Cropping images for social media is fairly common task, and one that Photoshop can excel at. In this tutorial,
Matthew Pizzi – curriculum director at professional learning platform Pluralsight – shows you the best way to create a Photoshop file that lets you to easily export images for different social media posts and platforms.
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I've used personal images for my own social media presence here – but the same rules apply for brand pages and presences.
There are a ton of different image sizes across the different social media channels. For reference, here are the specs for the most popular: Facebook, LinkedIn and Twitter.
The Facebook dimensions for posts are 1,200 x 630px, 1,200 x 627px and 1,200 x 717px.
For cover photos and profile photos, the dimensions are 828 x 315px and 180 x 180px.
With LinkedIn, there is the profile image and the career cover photo, the dimensions are: 400 x 400px for the profile photo and 974 x 330px for the cover photo
Likewise, we have several for Twitter: 400 x 400px for the profile photo, 1,500 x 500px for the header photo and 440 x 220px for the in-stream photo.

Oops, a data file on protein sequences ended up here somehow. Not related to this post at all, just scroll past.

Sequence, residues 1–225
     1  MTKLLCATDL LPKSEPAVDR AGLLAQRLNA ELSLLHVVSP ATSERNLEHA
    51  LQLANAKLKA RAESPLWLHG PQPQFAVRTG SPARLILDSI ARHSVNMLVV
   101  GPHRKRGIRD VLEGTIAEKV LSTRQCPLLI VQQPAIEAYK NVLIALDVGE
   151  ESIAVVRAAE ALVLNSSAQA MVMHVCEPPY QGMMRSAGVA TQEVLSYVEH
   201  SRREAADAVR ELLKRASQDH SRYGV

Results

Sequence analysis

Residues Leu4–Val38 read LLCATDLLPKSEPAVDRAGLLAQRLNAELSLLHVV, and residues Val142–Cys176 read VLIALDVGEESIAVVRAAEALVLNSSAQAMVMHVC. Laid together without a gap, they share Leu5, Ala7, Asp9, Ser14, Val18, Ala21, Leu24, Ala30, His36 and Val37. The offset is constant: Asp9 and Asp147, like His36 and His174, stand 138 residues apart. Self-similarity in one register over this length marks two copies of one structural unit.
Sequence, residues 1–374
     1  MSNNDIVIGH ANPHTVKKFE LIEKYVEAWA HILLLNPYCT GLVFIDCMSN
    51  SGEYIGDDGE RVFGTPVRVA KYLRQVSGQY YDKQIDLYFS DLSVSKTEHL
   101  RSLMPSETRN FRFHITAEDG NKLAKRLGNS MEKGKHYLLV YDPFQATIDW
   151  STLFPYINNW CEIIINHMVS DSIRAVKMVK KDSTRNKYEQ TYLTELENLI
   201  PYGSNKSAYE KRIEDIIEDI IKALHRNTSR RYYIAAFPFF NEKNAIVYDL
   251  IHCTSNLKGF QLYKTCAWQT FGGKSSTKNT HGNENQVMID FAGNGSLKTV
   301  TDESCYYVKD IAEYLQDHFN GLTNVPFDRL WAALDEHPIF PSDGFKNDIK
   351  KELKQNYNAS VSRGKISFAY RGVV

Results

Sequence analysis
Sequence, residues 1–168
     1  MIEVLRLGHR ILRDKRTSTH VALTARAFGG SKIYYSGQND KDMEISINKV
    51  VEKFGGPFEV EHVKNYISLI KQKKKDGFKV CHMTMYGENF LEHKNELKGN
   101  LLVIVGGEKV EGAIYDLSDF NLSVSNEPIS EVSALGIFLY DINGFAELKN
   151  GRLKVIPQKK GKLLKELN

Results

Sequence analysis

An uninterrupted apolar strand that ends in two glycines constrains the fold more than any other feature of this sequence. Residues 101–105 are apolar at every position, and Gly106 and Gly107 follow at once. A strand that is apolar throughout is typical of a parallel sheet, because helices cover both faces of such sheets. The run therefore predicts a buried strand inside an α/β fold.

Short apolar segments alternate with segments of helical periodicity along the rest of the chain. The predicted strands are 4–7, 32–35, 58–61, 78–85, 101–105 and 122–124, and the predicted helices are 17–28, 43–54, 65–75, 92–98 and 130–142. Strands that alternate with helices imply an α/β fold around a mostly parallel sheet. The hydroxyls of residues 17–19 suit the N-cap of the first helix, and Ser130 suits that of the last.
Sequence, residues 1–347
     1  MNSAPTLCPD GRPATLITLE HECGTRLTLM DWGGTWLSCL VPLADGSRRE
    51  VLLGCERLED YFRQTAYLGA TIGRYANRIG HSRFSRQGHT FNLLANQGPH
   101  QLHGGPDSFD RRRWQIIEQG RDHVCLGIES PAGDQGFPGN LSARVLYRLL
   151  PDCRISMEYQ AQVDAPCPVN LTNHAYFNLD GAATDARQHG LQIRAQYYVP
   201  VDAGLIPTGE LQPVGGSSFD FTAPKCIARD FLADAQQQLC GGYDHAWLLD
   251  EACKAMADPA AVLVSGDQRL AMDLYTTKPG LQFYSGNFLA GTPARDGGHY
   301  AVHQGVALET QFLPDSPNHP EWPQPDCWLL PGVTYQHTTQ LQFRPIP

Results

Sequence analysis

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Let’s create a new document. In the New Document dialog box, you want to select the Web category, and then specify the dimensions of one of your graphics.
Let’s go with 828 x 315px, the Facebook cover photo. Also, make sure you leave the Artboards option selected as this will allow us to add additional graphics within this single document.
When creating several images within a single document it’s really important to stay organised. To do this rename your Artboard to easily identify what the graphic represents. Double-click the Artboard name in the Layers panel and type 'Facebook Cover Photo'.
As you know, we have quite a few graphics we need to create. The goal is to create Artboards for each of the graphics we need. There are several ways to create new Artboards in Photoshop, but, for this example, we’ll go to the menu system and choose
Layer > New > Artboards.
Name the Artboard based on the graphic you want to create. Then enter the dimensions for that graphic. In this case, I’ll type 'Facebook Shared Image' for the name and set the width to 1,200px and the height to 630px.
You need to repeat the previous step for as many different social media graphics you want to create. In this case, I created graphics for the different images needed for Facebook, LinkedIn, and Twitter.
Remember, the images represent two different categories of artwork: profile artwork, and assets you want to share.
There are three different graphics we’ll use in each of these images. First, is a profile photo, typically something like a headshot. Next, is the cover photo; some type of personal or corporate branding. Last, is an image or ad you want to share. Ideally, you should source all of these graphics in resolutions higher than your largest image.